Intentionally Defective Grantor Trusts


Estate tax planners have long employed intentionally defective grantor trusts to freeze the value of an asset for estate tax purposes while transferring assets out of the estate free of gift tax. An intentionally defective grantor trust (IDGT) is a complete transfer to a trust for transfer tax purposes but an incomplete, or “defective,” transfer for income tax purposes. Because the trust is irrevocable for estate and gift purposes and the grantor has not retained any powers that would cause estate tax inclusion, the future value of the assets transferred is removed from the grantor’s gross estate on the date of the trust’s funding.

However, because the grantor retains certain other powers, the trust, although irrevocable, is treated as a grantor trust for income tax purposes. As a result, the grantor, though not a beneficiary, is taxed on all the trust’s income, even though he or she is not entitled to any trust distributions.

If structured properly, the IDGT will receive the gross income generated from the trust’s income-producing assets, which will accrue to the benefit of the trust’s beneficiaries. The trust also allows the grantor the opportunity to remove future appreciation from the grantor’s estate while maintaining control over the assets.

IRC § 675(4) provides that a trust is a grantor trust for income tax purposes if any person holds a power “in a nonfiduciary capacity…to reacquire the trust corpus by substituting other property of an equivalent value.” See also IRC § 675(4)(C). The retained power to substitute assets of equivalent value will not prevent the grantor from having made a completed gift for transfer tax purposes and will not trigger estate tax inclusion under section 2038.

This power to substitute assets offers the grantor the opportunity to preserve potential losses from depreciated assets, which would otherwise disappear at death. Under section 1014, the tax basis of assets transferred at death is stepped up (or down) to the fair market value at the date of death (or alternate valuation date). Since a sale to an IDGT is a disregarded event, the trust takes a carryover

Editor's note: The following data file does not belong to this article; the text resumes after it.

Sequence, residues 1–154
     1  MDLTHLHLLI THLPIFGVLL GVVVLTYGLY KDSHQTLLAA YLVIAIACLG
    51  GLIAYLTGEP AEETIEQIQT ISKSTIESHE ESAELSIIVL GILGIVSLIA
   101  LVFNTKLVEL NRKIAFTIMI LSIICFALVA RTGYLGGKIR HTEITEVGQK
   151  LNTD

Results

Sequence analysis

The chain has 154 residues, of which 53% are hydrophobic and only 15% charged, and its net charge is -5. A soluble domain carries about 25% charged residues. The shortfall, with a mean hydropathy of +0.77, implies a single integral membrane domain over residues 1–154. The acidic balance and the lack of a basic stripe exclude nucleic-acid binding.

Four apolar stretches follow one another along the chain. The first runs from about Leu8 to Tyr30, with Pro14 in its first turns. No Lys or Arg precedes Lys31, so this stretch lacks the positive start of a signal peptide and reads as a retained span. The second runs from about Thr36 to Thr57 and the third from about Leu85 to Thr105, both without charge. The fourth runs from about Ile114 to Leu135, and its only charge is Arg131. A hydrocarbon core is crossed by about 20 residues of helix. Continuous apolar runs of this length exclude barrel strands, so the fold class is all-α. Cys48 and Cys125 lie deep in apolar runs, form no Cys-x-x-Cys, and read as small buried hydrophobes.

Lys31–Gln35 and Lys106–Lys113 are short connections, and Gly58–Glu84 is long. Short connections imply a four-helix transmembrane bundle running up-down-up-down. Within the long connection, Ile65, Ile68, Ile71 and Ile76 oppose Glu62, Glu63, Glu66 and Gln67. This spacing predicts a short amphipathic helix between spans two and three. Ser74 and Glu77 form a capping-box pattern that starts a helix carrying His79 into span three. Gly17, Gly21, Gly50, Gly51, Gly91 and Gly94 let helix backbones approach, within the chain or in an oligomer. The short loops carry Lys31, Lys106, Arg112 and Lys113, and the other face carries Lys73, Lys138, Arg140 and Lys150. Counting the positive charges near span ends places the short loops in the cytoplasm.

basis in the assets transferred. Such a trust offers the grantor the chance to substitute the IDGT’s appreciated assets for liquid assets with limited or no appreciation at a later date. Thus, if the substituted appreciated assets are later included in the grantor’s gross estate, the heirs would receive a stepped-up basis for income tax purposes. If the power to substitute is not part of the IDGT instrument, the trustee could alternativelysell IDGT appreciated assets to the grantor for high-basis assets or cash. Because transactions between a grantor trust and its grantor are disregarded under Revenue Ruling 85-13, the grantor would not recognize gain on the sale.

Another significant advantage of a grantor trust can be that the grantor pays the income tax on the trust’s income. This essentially generates a nontaxable gift to the beneficiaries, thereby reducing the grantor’s gross estate without incurring estate or gift taxes. Under section 2036(a)(1), however, should a trust instrument require reimbursement of the grantor income taxes paid, all assets would be included in the gross estate. Trustee discretion is recommended to provide the grantor a cushion for the financial risk of increasing future taxes with lower cash flows.

While not for everyone, an IDGT is an effective estate-freezing tool that provides the opportunity to maintain the maximum control over the beneficial enjoyment of the transferred assets. Do not miss out on how an intentionally designed defect may benefit clients, especially those with large estates and appreciating assets.

For a detailed discussion of the issues in this area, see “The Case for an Intentionally Defective Grantor Trust,” by Ora Pressey, CPA, John W. Morrisset, CPA, and Richard A. Nightingale, CPA, in the November 2008 issue of The Tax Adviser.

—Alistair M. Nevius, editor-in-chief
The Tax Adviser


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